The JPL Project that is getting the most attention this week is Cassini, mostly because this week it began it’s long goodbye. Cassini is a deep space mission sent to investigate Saturn, it’s moons, and it’s rings. Arguably, what it has accomplished is some of the great discoveries of another planet we have had since we started looking at Mars. Like all good things, it has to come to an end, so a farewell is set for September (barring an at this point acceptable catastrophe) in one final fiery exit.
Cassini was launched way back on October 15, 1997. It took nearly seven years for it to arrive in orbit around Saturn, stopping off to do fly-bys of Venus, Earth again, and Jupiter on it’s 2.2 billion mile trip. While the original mission was to hang there for about four years, the mission was extended twice and now has been in orbit around Saturn for almost 13 years. While the distance and time is amazing in it’s own way, the full breadth of what this missions means comes in different numbers:
- Over 600 GB of Raw Technical Data has been transfer from Cassini to Earth
- Nearly 400,000 images were taken
- 10 New Moons were Discovered around Saturn
- Over 3600 scientific papers have been authored based on Cassini data
Cassini found liquid on moons shooting off into space. Found possible new means of life habitation. It landed the Huygens probe on Titan, the first such probe to land on a moon other than our own. Cassini made us rethink the way the universe could exist outside of our solar system.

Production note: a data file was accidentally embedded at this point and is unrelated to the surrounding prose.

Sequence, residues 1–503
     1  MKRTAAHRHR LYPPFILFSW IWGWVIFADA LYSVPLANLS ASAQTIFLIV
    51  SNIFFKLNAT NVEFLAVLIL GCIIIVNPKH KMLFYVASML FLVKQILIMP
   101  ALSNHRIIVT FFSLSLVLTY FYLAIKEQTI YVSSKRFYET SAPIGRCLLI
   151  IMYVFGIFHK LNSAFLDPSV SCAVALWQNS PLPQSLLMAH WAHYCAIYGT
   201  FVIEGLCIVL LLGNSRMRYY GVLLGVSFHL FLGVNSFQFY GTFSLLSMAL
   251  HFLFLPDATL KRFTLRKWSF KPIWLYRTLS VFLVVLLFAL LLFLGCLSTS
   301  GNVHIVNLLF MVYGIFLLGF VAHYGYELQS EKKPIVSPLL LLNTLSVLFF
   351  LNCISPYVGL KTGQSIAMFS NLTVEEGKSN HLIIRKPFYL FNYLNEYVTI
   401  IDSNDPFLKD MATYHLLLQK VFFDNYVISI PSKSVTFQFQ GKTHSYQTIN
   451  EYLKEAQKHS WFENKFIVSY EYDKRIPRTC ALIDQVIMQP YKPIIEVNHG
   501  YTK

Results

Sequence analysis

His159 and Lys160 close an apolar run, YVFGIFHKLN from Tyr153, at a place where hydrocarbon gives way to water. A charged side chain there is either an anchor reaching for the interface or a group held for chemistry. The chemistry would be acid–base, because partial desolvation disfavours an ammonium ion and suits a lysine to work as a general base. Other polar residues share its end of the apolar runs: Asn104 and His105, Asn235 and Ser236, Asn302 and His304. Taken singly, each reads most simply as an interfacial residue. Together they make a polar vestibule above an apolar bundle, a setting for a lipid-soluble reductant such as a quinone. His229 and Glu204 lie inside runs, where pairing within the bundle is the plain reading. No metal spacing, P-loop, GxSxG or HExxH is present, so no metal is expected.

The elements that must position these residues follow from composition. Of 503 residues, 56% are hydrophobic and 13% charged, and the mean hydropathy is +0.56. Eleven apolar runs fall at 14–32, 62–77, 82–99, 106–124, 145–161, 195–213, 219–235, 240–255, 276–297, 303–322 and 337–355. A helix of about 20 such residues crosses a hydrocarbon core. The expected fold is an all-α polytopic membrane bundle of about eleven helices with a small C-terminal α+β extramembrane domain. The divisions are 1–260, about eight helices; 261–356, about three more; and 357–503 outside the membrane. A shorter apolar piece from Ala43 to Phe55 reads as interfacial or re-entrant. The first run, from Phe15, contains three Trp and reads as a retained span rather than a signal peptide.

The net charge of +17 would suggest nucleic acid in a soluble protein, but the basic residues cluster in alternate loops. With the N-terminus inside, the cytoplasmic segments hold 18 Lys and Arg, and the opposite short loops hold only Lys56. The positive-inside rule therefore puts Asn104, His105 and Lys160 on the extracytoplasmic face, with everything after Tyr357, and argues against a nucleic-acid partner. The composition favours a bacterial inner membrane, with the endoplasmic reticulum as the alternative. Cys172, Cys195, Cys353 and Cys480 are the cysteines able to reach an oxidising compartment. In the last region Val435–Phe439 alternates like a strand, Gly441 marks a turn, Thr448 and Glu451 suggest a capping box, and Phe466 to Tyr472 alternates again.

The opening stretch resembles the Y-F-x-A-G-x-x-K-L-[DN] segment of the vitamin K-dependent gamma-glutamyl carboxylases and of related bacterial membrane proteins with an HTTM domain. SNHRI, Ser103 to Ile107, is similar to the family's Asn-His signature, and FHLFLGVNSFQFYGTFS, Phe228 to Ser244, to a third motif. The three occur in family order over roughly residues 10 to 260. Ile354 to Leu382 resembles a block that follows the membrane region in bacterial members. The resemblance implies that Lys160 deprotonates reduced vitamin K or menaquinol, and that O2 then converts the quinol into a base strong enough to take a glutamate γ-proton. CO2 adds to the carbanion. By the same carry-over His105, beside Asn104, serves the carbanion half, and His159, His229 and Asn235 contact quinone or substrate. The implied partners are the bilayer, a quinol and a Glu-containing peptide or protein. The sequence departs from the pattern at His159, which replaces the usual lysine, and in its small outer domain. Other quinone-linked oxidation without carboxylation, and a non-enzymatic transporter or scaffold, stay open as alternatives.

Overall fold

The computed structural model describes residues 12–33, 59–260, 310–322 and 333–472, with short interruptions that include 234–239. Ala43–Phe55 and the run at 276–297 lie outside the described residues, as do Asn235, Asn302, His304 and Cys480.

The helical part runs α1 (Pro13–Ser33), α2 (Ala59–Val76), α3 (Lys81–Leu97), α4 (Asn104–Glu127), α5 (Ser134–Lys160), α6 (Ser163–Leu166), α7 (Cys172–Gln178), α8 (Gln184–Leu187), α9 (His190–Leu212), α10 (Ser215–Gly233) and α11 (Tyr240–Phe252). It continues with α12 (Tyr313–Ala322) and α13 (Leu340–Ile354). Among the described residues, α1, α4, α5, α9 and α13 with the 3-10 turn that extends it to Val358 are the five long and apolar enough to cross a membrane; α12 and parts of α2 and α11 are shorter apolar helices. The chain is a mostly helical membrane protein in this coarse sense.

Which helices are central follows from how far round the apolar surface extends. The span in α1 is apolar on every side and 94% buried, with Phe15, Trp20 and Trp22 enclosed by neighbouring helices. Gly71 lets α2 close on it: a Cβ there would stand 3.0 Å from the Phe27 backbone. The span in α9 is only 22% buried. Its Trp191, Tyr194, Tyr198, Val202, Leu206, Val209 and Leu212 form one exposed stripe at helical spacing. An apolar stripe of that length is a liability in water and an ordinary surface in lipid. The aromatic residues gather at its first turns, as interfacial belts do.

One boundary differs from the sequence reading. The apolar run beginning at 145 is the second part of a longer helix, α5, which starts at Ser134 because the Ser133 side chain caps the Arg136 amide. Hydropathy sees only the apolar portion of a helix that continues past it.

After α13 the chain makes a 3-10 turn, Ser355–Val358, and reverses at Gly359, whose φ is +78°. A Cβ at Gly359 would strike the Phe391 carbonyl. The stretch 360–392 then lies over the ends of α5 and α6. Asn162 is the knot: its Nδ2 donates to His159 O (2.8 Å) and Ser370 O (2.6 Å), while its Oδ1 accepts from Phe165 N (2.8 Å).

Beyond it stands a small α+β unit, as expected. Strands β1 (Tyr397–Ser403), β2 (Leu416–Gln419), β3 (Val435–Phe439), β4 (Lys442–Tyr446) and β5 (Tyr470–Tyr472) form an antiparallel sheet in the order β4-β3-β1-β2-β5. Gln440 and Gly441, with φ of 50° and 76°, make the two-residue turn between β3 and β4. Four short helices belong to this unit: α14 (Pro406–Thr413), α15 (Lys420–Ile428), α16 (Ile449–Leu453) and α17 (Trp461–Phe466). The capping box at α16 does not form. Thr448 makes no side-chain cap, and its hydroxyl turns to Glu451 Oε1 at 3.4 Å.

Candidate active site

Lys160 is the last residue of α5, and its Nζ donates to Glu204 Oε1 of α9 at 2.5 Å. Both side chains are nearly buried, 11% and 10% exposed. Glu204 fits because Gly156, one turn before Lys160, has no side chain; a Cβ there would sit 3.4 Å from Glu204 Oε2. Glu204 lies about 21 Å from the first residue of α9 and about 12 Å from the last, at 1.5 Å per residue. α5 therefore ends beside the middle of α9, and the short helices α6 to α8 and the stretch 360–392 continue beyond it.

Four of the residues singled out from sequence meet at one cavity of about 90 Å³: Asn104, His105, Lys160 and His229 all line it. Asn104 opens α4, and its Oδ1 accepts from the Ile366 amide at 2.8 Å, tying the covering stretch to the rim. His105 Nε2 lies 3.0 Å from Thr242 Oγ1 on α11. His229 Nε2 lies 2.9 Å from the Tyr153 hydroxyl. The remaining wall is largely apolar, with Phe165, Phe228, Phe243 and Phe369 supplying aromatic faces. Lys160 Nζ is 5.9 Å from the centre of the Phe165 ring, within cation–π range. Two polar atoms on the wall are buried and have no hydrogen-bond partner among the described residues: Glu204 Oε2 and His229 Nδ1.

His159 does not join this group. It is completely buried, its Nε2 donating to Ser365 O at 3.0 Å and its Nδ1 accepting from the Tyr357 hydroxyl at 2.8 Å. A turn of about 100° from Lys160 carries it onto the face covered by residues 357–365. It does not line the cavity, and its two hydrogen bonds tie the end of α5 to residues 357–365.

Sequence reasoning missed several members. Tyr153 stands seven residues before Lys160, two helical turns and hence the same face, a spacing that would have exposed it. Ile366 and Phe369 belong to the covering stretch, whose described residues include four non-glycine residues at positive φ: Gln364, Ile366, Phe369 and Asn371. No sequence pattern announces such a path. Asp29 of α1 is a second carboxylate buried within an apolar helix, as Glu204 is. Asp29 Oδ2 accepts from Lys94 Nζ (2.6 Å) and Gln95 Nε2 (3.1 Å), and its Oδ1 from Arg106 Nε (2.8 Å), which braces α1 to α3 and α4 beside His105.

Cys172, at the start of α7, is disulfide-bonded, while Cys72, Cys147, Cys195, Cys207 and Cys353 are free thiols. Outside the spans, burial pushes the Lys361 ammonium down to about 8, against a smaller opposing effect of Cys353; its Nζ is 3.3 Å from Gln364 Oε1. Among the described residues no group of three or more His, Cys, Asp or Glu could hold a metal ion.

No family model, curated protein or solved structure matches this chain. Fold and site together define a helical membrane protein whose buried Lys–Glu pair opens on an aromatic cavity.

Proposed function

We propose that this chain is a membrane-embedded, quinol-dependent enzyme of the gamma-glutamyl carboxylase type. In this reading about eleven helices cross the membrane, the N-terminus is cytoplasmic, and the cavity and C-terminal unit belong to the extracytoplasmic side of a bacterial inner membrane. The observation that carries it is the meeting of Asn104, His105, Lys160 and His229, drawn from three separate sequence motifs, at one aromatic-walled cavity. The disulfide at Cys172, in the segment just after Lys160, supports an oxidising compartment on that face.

On September 15, Cassini’s trajectory will be so it runs deep into the Saturn Atmosphere, which should cause the entire 2-1/2 ton probe to disintegrate in less than a minute. Cassini’s fuel is depleting, and if kept alive for a few more months will be uncontrollable. The fear at that point is that any possible remnants of Earth microbes or material could fall on something in orbit around Saturn and ruin a possible system there (like if there happened to be life on a moon, and we kill it because there just happened to be a flu bug stowed in a hole somewhere). Before it does, Cassini will attempt to make 22 orbits dipping into the space between it’s rings and the atmosphere. This is the most dangerous part of the mission because there could be loads of rock and debris from moon break-ups that create the rings. Cassini doesn’t have eyes capable to duck around that stuff … and wouldn’t have the fuel to do it anyway. So it will rely on luck, until the choice to rely on luck runs out. The last pass, Cassini will dip to within 1,000 miles of it’s clouds traveling at over 70,000 miles an hour.
Last night, The Grand Finale began when signals came through that it made it’s first past between the rings and the atmosphere. For the next few monts, we will keep the Deep Space Network pointed its way to make sure things are still going as plan. If they do, on September 15 at 10:45a Pacific, Cassini will send it’s last signal as it burns up. Thirteen and a half hours later, we will see that signal come across our screens, and then there will be nothing else.
Until then, we have our long goodbye.